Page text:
[Addendum, Oct 23rd, 2001. Propagandists on both the American and Taliban sides find that it is in their interests to ignore military casualties. The Taliban currently put the death toll at about 1000 Afghan people. However, adding up each of the reports of civilian casualties that have come out of Afghanistan, one gets approximately the same number. That is, the Taliban would like us to believe that none of "their fighters", as they call the conscripts, have died, despite heavy U.S. bombing and more recently targeting of front lines.
The American military have shown a pattern of at first denying that they killed any civilians, then calling the fact that they have "uncorroborated" (as if there were anyone other than they themselves in a position to confirm these facts), and finally admitting that they did, but that it was a mistake. But on the issue of how many people they have directly caused to die, or be seriously injured, the Americans have said nothing. Both sides find that covering up the true horror of war is in their interests. Indeed there likely would be no war if it wasn't in the interests of governments on both sides.]
People. In the jargon of the U.S. military, the people in the World Trade Centre, were soft targets; luckily you do not hear them referred to as such. Instead they are, quite properly, referred to as sons, daughters, husbands, wives, and loved-ones. Perhaps the U.S. military would be more honest to say that they are targeting sons, husbands, and loved-ones.
People. See Soft Target. Front lines are where you find conscripts. The ideologically inclined are harder to find. This is a lesson that can be taken from the war on Iraq; front lines were populated with poorly equipped conscripts, while the revolutionary guard was kept back to defend the political elite.
A person with enough luck or money to get out. When the U.S., Britain, and other NATO countries bombed Serbia, many Kosovar refugees were transported to NATO countries and their refugee claims were expedited. No such programme is being offered to Afghan refugees.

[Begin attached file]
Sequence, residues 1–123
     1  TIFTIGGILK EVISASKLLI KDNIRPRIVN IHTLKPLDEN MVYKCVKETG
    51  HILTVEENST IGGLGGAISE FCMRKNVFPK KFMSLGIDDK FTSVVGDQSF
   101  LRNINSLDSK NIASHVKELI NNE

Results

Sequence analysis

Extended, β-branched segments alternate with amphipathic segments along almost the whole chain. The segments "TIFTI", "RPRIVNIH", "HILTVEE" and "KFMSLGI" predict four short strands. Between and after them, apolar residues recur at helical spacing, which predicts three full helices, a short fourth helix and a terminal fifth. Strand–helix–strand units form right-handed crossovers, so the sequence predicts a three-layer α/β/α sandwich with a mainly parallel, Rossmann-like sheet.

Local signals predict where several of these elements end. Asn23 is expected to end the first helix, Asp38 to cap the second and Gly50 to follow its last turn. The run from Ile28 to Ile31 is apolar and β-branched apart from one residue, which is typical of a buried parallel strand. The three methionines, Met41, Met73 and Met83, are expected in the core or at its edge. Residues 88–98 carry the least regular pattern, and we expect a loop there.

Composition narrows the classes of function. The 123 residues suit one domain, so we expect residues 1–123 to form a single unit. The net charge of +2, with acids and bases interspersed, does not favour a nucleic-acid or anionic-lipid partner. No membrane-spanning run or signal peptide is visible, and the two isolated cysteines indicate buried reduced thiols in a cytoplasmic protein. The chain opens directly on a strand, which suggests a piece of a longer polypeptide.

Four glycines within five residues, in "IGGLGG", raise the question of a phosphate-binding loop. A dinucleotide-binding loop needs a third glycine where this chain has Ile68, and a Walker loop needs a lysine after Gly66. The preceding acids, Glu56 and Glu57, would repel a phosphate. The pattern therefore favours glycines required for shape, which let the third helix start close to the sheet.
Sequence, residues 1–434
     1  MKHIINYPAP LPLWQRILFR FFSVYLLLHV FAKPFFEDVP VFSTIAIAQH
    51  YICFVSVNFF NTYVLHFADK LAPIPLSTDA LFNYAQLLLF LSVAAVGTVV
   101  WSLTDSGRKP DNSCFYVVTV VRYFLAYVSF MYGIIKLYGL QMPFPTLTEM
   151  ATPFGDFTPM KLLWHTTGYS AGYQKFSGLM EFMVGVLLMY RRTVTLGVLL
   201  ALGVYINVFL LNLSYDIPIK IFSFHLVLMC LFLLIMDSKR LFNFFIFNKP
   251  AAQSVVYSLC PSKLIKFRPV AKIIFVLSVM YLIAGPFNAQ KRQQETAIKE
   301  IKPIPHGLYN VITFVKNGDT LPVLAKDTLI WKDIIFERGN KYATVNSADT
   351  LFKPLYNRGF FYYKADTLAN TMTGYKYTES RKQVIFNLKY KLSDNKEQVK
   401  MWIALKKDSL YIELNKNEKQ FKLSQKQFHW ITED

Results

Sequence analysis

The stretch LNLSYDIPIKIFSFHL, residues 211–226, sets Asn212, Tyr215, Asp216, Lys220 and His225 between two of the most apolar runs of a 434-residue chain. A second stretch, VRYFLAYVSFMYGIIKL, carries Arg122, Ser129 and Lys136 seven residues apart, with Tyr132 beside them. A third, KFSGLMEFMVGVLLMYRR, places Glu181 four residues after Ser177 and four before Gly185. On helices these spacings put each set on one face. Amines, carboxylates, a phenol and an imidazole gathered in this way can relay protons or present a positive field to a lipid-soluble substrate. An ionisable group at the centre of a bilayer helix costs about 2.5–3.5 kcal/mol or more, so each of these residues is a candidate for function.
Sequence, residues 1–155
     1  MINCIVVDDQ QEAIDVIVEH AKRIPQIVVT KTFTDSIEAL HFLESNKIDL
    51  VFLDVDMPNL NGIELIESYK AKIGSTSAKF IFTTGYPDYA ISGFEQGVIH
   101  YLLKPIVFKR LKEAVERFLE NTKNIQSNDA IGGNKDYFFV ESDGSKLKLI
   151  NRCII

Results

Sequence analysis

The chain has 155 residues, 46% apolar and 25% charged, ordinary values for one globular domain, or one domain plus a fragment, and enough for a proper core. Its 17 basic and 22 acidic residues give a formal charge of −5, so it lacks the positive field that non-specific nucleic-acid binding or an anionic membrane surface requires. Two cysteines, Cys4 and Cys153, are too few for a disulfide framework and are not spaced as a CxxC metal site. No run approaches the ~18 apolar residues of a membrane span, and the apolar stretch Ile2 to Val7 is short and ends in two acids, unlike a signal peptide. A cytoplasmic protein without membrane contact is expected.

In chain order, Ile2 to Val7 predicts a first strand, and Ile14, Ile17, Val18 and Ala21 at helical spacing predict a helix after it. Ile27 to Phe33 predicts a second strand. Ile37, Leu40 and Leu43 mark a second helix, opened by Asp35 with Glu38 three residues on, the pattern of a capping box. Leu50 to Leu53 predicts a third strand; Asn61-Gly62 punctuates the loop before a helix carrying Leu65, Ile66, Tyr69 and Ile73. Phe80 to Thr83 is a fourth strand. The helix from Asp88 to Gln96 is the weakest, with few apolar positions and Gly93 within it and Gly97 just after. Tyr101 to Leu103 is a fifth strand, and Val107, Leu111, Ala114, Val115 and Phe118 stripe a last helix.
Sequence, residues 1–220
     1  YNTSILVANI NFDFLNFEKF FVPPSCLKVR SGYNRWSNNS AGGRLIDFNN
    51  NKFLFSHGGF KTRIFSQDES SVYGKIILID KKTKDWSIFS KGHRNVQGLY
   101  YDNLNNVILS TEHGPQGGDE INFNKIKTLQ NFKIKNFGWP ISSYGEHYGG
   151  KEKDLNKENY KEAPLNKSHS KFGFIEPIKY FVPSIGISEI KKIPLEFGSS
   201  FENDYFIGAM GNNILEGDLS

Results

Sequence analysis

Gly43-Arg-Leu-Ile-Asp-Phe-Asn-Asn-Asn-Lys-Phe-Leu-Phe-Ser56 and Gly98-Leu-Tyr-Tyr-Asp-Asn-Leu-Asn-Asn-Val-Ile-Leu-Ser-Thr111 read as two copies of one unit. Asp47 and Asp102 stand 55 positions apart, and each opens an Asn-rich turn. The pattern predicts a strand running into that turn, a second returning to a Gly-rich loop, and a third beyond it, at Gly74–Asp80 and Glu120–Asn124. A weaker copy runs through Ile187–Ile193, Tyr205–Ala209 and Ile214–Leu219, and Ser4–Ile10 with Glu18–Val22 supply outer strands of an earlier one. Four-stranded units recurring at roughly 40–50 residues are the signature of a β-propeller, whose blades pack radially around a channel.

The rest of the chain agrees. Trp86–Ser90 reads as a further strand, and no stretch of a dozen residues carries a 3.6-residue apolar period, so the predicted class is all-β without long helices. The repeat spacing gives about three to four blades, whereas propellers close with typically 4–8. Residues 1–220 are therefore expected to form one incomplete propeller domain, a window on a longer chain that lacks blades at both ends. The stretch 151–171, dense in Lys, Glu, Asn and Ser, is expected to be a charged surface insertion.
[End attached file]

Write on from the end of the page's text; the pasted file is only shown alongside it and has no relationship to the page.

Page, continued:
A potential terrorist. We are being told that we in the west must tighten our refugee and immigration policies. By insinuation refugees are potential terrorists. In truth, they are more often the victims of terrorism.
Demand. The U.S. pretext for its war on Afghanistan was that Afghanistan did not accede to U.S. demands. These demands were, as it happens quite reasonable ones. However, when one country make demands of another, not under international law, but with the threat of war, it is bullying and mercantilism.
Unilateralism. George Bush has said that countries are either with the U.S. or against the U.S.. This means the agenda is being set unilaterally. NATO was quick to invoke article 5, which it had never done before; but unlike Kosovo, this is not a NATO action. Why? The U.S. and Britain learned in Kosovo that NATO functions multilateraly. The U.N. was quick to condem the New York and Washington bombings; but unlike Iraq, this is not a U.N. action. Why? Again the U.S. would like a free hand.
Oil Pipeline route. This seems a very cynical definition. However, let us not forget that it is also cynical to have your Daddy's supreme court rule that people's votes should not be counted. The current U.S. administration was largely backed in its election bid by U.S. oil interests. Furthermore there are few other explanations for this attack on Afghanistan.
Being the smallest bully. This is a favourite phrase of Canadian cabinet ministers, borrowed from Boxing. Boxing is a rather brutal sport, but it does observe the principle that opponents should be about the same size and both healthy. Canada is a developed and prosperous country of about 30 million people. Afghanistan is an impoverished and war-ravaged country of about 30 million people. Canada alone against Afghanistan would hardly be a fair fight. Canada, the U.S., Britain, Australia, etc against Afghanistan is a massacre.